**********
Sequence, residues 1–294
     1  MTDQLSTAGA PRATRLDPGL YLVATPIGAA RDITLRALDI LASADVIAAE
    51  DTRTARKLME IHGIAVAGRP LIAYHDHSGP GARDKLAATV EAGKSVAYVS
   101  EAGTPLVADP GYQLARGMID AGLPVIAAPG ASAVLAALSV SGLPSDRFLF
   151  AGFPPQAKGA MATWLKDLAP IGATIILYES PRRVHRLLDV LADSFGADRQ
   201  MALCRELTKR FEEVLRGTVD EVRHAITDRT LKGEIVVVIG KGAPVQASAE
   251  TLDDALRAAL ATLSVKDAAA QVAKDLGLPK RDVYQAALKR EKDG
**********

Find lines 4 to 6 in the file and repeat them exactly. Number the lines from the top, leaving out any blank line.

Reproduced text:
   101  EAGTPLVADP GYQLARGMID AGLPVIAAPG ASAVLAALSV SGLPSDRFLF
   151  AGFPPQAKGA MATWLKDLAP IGATIILYES PRRVHRLLDV LADSFGADRQ
   201  MALCRELTKR FEEVLRGTVD EVRHAITDRT LKGEIVVVIG KGAPVQASAE